The average surface temperature is 462 °C, and because Venus does not tilt on its axis, there is no seasonal variation. The dense atmosphere of around 96.5 percent carbon dioxide traps heat and causes a greenhouse effect.
A detailed study of Venus is currently underway:
In 2006, the Venus Express space shuttle was sent into orbit around Venus by the European Space Agency, and is sending back information about the planet. Originally planned to last five hundred Earth days, the mission has been extended several times. More than 1,000 volcanoes or volcanic centres larger than 20 km have been found on the surface of Venus.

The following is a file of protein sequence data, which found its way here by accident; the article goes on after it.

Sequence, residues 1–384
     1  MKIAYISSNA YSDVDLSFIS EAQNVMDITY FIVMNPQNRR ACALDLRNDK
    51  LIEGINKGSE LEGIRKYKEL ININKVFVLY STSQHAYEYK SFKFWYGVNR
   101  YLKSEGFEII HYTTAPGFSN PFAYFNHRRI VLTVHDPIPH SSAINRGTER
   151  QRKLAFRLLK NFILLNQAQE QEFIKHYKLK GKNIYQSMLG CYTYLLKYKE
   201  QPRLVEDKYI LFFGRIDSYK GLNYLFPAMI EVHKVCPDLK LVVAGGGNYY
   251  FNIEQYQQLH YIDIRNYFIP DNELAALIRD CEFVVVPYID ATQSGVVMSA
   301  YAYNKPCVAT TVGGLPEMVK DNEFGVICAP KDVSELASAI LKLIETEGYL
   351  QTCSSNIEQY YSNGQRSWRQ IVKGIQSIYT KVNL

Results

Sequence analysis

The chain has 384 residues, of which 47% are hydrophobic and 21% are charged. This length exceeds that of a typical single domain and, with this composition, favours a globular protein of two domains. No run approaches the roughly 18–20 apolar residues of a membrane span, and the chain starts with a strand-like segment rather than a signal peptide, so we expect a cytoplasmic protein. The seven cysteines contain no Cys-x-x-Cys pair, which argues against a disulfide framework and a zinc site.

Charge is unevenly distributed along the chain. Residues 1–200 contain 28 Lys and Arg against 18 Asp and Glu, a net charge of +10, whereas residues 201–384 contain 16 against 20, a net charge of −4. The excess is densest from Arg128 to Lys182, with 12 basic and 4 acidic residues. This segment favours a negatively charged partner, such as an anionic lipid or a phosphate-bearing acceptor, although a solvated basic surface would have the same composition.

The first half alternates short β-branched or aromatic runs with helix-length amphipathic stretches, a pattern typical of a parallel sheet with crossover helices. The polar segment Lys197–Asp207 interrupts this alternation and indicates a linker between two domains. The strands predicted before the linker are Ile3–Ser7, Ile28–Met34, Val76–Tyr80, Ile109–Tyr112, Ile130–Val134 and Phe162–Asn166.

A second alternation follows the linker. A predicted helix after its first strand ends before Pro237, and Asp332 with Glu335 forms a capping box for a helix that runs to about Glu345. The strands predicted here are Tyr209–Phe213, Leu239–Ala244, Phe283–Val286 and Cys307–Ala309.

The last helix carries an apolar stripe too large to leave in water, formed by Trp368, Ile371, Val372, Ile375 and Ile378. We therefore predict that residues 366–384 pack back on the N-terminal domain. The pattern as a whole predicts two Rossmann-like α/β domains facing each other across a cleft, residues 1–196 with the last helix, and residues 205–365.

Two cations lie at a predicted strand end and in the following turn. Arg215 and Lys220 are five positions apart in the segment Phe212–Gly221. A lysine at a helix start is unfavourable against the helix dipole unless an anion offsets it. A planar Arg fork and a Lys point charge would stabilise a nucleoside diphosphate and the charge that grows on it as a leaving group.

The Venera 1 space probe was launched in 1961, but lost contact with base. The USA also lost their first probe to Venus, Mariner 1, although Mariner 2 was able to take measurements of the planet in 1962. The Soviet Union’s Venera 3 was the first man-made craft to land on Venus in 1966.
At one point it was thought Venus might be a tropical paradise:
The dense clouds of sulphuric acid surrounding Venus make it impossible to view its surface from outside its atmosphere. It was only when radio mapping was developed in the 1960s that scientists were able to observe and measure the extreme temperatures and hostile environment. It is thought Venus did once have oceans but these evaporated as the planets temperature increased.